Whether you ultimately choose a wealth manager or an investment manager, be prepared to ask plenty of critical questions before you commit to the partnership. Here are a few questions to get you started:

1. Are you a fiduciary?

A fiduciary is someone who has a legal duty to act in the best interest of clients, so this is a top concern for you as a personal investor. Not all financial advisors are legally bound to work on your behalf, so it’s essential to know whether your advisor is acting as a fiduciary.

Be exceptionally thorough if you're looking at a broker. They are known for churning through different stocks, buying and selling to produce the highest commission for themselves. The legal rules are a little different with them, so you'll want to perform due diligence to understand the difference.

2. How are you paid?

Fee structures often lack transparency. Don't be afraid to put your potential advisors under the microscope until you feel comfortable with how they're being paid.

To get to the heart of the matter, ask direct questions: “Do you or a related company receive any payments from money managers you recommend, consider, or otherwise mention? If so, what is the extent of these payments in relation to your other revenue?”

3. How often do you check in?

Ask potential advisors whether they meet with clients at least annually to assess progress. You'll also want to know if they review portfolio performance since inception.

In this regard, there really should be no difference between wealth management and investment management. Your financial future is an important part of your life, and your financial advisor should be willing to check in regularly about it.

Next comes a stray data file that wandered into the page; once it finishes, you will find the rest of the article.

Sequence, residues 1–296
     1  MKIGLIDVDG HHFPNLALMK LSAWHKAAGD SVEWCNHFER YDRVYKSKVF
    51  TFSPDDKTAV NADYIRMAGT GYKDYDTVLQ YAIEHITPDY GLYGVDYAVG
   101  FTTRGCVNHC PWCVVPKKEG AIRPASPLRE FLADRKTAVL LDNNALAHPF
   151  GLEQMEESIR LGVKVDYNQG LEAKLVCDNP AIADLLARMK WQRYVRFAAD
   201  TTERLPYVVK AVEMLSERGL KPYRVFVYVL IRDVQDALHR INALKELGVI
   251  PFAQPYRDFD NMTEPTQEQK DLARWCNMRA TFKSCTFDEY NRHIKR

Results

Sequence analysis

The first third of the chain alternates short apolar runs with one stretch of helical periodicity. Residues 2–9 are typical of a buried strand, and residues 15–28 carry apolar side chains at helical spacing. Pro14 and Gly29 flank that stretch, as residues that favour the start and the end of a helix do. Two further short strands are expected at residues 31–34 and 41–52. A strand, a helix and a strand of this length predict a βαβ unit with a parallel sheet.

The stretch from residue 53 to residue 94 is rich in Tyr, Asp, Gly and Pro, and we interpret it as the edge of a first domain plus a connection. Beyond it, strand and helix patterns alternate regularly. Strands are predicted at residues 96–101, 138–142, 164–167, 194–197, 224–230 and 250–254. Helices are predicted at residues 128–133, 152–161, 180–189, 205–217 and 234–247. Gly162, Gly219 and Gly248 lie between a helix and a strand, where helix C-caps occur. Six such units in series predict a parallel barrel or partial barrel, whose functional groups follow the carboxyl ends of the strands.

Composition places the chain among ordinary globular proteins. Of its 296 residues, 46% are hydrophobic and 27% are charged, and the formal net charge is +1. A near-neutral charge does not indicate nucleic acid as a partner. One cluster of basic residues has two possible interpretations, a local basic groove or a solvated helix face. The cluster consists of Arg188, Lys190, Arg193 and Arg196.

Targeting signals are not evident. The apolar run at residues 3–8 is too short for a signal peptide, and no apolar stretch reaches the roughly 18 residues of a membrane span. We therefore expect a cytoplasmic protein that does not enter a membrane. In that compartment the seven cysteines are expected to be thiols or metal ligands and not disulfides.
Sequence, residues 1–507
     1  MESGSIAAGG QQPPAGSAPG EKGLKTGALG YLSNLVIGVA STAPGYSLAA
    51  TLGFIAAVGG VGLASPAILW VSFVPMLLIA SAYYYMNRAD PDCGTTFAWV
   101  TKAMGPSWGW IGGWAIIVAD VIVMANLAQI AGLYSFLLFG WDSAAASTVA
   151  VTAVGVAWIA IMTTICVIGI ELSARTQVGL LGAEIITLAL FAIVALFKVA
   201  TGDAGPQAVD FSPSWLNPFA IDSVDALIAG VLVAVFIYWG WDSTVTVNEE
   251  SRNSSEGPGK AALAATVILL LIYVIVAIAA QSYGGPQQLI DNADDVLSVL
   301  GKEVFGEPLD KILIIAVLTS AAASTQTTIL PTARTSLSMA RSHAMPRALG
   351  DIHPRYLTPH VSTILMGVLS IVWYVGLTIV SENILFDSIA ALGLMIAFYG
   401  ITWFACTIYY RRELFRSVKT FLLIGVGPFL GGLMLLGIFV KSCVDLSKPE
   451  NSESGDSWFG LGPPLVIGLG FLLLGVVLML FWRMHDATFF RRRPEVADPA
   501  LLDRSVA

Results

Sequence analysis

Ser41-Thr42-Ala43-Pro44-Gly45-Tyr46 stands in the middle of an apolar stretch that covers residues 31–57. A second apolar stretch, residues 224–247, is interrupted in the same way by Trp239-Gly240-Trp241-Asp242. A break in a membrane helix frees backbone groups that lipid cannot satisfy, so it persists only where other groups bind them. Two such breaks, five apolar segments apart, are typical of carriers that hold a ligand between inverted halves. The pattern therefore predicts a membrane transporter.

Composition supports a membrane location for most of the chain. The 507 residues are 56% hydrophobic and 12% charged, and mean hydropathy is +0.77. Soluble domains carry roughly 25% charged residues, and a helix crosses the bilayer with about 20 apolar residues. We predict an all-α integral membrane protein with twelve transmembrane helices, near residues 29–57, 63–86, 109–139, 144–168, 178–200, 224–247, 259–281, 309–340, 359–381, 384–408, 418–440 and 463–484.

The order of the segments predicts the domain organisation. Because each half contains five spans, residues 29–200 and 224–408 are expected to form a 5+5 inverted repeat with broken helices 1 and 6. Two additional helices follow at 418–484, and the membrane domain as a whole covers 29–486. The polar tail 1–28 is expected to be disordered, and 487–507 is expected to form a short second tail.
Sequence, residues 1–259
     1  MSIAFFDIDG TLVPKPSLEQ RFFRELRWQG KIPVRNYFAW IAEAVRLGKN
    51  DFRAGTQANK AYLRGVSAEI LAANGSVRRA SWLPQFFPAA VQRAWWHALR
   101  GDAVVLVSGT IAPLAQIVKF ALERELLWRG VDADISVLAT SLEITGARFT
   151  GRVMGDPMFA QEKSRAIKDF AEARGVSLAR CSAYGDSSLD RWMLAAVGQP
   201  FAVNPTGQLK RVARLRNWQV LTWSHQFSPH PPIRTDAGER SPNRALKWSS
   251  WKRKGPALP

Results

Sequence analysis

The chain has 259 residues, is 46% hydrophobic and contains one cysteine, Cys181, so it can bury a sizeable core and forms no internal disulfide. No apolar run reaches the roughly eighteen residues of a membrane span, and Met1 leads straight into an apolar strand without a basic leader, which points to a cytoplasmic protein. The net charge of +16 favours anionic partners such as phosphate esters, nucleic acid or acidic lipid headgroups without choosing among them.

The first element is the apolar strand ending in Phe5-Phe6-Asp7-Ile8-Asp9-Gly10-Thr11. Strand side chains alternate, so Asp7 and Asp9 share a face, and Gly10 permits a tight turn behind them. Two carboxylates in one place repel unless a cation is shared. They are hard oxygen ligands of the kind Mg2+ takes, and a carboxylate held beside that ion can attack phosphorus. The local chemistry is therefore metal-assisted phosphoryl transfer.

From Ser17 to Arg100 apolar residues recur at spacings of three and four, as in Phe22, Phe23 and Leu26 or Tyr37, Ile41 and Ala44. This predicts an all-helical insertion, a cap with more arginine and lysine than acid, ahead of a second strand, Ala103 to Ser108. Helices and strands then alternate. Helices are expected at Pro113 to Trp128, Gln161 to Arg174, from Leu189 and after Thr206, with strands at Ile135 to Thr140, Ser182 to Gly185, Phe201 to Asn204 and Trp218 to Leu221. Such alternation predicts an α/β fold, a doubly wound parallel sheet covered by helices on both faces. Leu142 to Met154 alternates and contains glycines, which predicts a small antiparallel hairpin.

4. What's your ethical track record?

Needless to say, you don't want your money tangled up in legal troubles. Steer clear of any firm or advisor that's been in hot water ethically or legally.

Pose questions like: “Have you or your firm ever been subject to regulatory discipline by a body that governs unlawful or unethical actions?"

Financial planning can be intimidating, but a good partner will make it simple — even exciting. When you know the difference between wealth and investment management, and you're equipped with good questions, you'll find the right partner in no time.

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A version of this article originally appeared on Equities News
This material has been prepared for informational purposes only and should not be used as investment, tax, legal or accounting advice.  All investing involves risk. Past performance is no guarantee of future results.  Diversification does not ensure a profit or guarantee against a loss.  You should consult your own tax, legal and accounting advisors.

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Sara came to Plancorp in 2013 with a strong financial background and an even stronger commitment to financial education—particularly for women. A Wealth Manager and Founder of InspireHer (Plancorp's Women's Initiative), Sara is also a new mom. More »